My friend, American Mr. D, who works for an important US multi-national company, and travels widely to places like Afghanistan and Pakistan, feels the same way, “Perhaps STB has pressured the Michelin Guide to include Hawkers for the very first time, because the STB is worried  that hawkers are a dying trade. This then will make Hawkers glamorous and encourage young guys to go into the business…”

Chef Paul Lee of Triple V Bistro in Bedok North shrugged his shoulders and commented with a wry grin, “I don’t think you can award a Michelin Star to a hawker. Michelin Stars should be for full service restaurants with a full menu…”

 Politics is ueberall (everywhere)…

Obviously there are political elements in the MG and its choice of restaurants to award…Just see the original raison d’etre for th creatioj of the MG in the first place. It was to increase car sales thereby increasing TYRE SALES! Big Money is involved too and sponsorship…the MG is big business! Some detractors, especially some renowned Italian Chefs who shall be nameless…lament the fact that there are NO Italian ristoranti with a Michelin Star in Singapore! Per que? WHY? Is Italian inferior to hawker food??? There are those too who criticize my friend, Chef Joshua Brown of CUT in MBS, say scathingly, “What can go wrong with top class, top dollar beef? You have to be a very bad Chef to f___ up a top cut of Wagyu!”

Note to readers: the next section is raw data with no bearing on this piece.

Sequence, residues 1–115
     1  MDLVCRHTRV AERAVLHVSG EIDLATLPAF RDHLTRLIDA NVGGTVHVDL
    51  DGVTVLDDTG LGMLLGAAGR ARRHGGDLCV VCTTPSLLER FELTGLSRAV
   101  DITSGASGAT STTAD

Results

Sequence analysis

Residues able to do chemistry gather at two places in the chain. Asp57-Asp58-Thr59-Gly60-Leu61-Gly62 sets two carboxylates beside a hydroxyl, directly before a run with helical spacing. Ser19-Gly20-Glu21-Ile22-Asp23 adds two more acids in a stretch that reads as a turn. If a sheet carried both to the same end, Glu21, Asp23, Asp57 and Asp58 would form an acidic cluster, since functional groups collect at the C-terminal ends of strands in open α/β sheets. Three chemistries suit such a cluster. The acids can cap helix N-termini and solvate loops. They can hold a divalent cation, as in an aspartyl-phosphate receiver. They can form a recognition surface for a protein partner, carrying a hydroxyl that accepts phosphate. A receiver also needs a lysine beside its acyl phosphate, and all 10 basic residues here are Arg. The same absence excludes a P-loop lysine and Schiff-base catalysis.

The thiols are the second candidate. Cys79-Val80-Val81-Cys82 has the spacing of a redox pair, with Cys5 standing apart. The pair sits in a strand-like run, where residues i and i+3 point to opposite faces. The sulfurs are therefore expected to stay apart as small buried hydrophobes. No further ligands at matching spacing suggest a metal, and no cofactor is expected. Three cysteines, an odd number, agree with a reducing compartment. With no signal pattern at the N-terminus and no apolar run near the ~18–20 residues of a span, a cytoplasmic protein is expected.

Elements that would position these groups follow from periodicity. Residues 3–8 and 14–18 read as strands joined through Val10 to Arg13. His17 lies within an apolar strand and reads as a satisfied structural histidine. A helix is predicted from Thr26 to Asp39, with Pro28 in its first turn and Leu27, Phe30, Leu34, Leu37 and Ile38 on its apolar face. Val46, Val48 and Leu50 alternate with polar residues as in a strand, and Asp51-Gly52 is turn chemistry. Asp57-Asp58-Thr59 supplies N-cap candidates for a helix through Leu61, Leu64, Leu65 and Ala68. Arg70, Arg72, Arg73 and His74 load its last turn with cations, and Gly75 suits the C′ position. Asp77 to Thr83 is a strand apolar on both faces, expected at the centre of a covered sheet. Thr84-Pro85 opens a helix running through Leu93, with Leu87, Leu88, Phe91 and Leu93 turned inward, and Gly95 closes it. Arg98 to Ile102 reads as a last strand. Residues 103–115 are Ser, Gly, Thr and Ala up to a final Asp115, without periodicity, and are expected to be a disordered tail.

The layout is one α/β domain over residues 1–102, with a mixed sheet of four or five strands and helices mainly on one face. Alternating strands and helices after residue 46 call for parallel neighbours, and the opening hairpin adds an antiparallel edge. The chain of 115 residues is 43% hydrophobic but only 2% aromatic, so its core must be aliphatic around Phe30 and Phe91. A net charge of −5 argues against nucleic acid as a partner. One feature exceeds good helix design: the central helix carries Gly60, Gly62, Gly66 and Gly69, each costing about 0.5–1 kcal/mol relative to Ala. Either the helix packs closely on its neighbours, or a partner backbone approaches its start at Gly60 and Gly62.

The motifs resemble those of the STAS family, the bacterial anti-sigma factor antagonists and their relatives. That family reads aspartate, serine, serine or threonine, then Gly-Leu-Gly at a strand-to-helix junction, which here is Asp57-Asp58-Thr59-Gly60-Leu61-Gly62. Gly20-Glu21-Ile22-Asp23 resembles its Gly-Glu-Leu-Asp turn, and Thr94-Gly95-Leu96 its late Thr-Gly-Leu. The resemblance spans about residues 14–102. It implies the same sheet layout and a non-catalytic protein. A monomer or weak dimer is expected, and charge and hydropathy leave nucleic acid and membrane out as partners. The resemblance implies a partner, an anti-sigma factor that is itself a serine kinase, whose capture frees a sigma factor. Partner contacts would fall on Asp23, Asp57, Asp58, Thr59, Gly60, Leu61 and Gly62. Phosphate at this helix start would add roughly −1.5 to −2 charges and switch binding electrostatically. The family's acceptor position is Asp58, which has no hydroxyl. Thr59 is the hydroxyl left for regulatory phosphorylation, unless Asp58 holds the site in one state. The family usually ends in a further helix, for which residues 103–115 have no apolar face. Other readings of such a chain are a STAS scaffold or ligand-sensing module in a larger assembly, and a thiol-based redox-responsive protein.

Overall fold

I personally think that Joshua is a jolly good Chef! Even the best cuts need skilfull handling to bring out their best flavour profile.

So there it goes, “Professional JEALOUSY” and envy perhaps??? Or is it something else?

It is up to each and every one of us to be our own Michelin Judge and form our own opinions! It is a free country after all. As I tell many people who ask me in my capacity as a Wine Expert and International Wine Judge, that frequent question, “What is the BEST wine?” My answer is invariably the same, “The best wine for you, Sir (or Madam) is the wine that YOU like you drink!” “Label Drinkers” and wine snobs and poseurs, eat your heart out ha! ha!It is the same with food.